Being in mandatory quarantine after returning home from South Africa reminded Jennie Ridyard how important the touch of another human can be.
For the last twelve days I have been in government-mandated quarantine, serving my time in prison at home. Only two more sleeps to go.
Not that I’m counting.
It’s been … interesting. Basically, I came rushing back to Ireland, to my family and, most important of all, my dogs, before the Irish government could implement its obligatory 14-day hotel quarantine for travellers returning from South Africa, all at one’s own expense.
I was to stay in our spare room, use the guest loo, wear a mask if I left my quarters, and keep two metres away from everyone in my family – although bellowing “Typhoid Jennie” when I was on the move was my own addition.
I wasn’t meant to cook or even switch on the kettle until my family, bless them, realised that my demand for early-morning tea would be their undoing, so I was allowed in the kitchen on condition I wore a mask and sterilised
everything before I decamped back to my room, to my Netflix.
None of this was particularly hard.
All of this was truly unsettling.
On arrival, the dogs rushed to greet me but not the humans. Instead they stood at the door, all big eyes behind their masks. I hadn’t seen them for five weeks, but there were no welcoming hugs or kisses – just the hint of hidden, anxious smiles.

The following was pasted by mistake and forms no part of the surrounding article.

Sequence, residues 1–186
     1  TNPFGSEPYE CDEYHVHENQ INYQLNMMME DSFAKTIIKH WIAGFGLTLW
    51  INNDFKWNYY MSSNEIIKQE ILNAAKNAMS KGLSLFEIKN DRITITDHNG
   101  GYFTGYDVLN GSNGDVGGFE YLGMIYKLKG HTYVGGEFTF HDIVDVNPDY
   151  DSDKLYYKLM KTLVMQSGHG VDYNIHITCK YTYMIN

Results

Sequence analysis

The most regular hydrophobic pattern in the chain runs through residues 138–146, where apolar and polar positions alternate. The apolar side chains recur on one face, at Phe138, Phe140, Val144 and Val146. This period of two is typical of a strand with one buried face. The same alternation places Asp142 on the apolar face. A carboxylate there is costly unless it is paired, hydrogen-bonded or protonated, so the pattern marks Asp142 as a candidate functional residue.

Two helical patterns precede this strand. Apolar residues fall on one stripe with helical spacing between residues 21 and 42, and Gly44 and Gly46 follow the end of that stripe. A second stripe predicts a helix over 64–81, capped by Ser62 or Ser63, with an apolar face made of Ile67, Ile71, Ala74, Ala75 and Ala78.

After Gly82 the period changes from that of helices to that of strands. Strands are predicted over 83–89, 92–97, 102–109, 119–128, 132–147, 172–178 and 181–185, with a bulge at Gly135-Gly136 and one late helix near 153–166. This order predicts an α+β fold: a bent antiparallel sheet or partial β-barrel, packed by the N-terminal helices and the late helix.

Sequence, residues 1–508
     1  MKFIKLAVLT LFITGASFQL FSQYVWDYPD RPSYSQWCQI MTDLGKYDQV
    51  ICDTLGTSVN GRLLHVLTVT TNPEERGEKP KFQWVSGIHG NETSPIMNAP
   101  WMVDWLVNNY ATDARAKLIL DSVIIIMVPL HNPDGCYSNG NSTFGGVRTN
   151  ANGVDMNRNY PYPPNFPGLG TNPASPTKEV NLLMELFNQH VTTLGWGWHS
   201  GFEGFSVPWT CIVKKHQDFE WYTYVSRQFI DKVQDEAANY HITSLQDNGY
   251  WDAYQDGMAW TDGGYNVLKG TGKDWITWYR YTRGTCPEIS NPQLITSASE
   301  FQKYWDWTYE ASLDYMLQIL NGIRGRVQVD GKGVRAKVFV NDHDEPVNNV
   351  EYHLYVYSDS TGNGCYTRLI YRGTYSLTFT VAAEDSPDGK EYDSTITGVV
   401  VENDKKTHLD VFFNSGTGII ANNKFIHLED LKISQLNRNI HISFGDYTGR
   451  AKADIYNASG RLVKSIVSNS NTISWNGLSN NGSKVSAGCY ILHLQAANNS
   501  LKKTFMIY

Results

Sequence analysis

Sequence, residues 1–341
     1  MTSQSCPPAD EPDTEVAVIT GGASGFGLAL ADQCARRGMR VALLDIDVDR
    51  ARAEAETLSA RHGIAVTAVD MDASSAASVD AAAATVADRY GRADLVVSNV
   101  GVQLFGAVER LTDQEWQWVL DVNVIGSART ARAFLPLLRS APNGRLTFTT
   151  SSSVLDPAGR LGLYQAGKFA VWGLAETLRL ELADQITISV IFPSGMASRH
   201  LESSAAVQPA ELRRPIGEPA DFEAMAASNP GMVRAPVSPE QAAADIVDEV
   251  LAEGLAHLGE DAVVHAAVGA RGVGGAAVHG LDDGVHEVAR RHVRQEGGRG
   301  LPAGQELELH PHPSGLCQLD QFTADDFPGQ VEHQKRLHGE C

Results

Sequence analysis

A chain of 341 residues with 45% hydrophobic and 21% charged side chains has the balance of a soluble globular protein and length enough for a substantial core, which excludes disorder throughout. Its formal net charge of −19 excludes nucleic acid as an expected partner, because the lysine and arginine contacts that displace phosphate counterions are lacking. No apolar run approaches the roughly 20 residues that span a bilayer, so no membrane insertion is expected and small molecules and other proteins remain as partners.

As the days progressed I started to feel like an alien, like an invisible woman, flitting through my own house avoiding people, barred from cooking for anyone, eating alone, not allowed to even pat an arm in passing. Such is the law.
On day six I was freed briefly for a mandatory Covid test. I drove there the long way, window open, and never has a highway been so beautiful.
Yet still quarantine continued.
I became mulish, sulky; my family became fretful, grumpy. However, I realised what was wrong when Himself suddenly (and illegally!) hugged me from behind, and I burst into spontaneous tears of relief.
Health-wise, a lack of human contact is like smoking 15 cigarettes a day, and we had been starving.
Haven’t we all though?
We hear so much about Covid destroying the sense of smell, the sense of taste. But I think most of all we miss
the sense of touch.
For more news your way, download The Citizen’s app for iOS and Android.